Still Life with Table consists of pieces, without a hierarchy. It’s not just an arrangement of objects; the thing that it sits on is also part of the sculpture. I have all these forms and parts—things that I make, things that I’ve collected and altered—and they sit around, sometimes for years. I start with drawing, which is like thinking. It lets me invent something, but I don’t want to define it on a piece of paper, I want to define it in space. I always think about these pieces as finding form. For me, it’s like inventing form where it doesn’t exist. “Then again,” the series title, is about the honest idea that I could put this piece here, or then again it might work there. Everything has the opportunity to be transitory until it’s not.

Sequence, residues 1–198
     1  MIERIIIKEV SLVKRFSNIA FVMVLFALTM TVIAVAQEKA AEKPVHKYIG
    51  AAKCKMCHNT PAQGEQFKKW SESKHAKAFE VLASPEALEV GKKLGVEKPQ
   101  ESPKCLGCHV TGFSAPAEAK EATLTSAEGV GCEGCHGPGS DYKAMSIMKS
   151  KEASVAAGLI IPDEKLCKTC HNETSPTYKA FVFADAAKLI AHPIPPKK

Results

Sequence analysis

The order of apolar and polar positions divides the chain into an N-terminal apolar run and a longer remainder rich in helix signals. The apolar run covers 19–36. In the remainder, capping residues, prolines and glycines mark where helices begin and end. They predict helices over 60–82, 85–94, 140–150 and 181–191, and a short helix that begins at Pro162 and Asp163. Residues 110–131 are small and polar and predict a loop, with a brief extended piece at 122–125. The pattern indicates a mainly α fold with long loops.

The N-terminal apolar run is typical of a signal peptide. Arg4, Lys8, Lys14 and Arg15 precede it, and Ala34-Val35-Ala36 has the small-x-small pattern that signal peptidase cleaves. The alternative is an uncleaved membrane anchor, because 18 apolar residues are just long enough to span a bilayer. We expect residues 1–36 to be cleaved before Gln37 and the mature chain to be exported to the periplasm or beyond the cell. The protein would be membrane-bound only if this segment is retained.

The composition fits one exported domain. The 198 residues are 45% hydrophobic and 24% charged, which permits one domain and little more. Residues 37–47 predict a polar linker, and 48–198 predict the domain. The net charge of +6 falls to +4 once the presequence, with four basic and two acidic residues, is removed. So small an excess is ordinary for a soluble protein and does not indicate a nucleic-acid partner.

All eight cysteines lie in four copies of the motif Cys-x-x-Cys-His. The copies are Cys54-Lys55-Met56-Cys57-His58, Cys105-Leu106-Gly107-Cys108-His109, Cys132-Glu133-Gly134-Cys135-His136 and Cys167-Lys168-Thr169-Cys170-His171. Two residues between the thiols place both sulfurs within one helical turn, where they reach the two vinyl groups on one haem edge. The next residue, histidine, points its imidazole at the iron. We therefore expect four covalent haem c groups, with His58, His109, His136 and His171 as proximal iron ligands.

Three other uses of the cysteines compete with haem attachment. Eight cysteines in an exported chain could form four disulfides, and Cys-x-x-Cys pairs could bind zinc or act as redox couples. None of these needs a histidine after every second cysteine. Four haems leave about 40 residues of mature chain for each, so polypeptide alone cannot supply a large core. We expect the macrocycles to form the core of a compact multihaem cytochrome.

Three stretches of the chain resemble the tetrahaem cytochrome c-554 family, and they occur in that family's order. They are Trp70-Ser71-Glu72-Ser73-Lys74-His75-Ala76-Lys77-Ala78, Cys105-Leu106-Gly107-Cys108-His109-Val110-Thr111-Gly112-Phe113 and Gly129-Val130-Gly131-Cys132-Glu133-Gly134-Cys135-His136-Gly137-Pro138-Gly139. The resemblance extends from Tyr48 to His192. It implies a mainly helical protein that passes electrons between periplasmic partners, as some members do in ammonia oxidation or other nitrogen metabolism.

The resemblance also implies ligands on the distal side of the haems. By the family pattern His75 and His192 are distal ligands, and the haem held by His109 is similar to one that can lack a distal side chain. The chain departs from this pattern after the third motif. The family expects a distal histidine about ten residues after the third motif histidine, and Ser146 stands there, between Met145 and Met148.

I come from a sense of making that is very much about visual balance—physical balance, too, and I really push the edge of that. There has to be a compositional sense of how all the elements come together, that they’re right for each other. While I was carving the resting points for the triangulated piece of wood, I had to lean it on something. It’s just a little chunk of wood, but it was a breakthrough. That bit of turquoise built up of many layers of paint becomes a focal point in either equilibrium or competition with the pink of the cloud-like form on top. Once you notice it, you’re moving through the entirety of the form—and that’s what’s important. My work is really about the details that maybe you don’t see at first glance. How do you move from something curvilinear to something rectangular? How do you move from wood to plaster? I spend a lot of time on those transitional points, but I’m well aware that many viewers never notice them.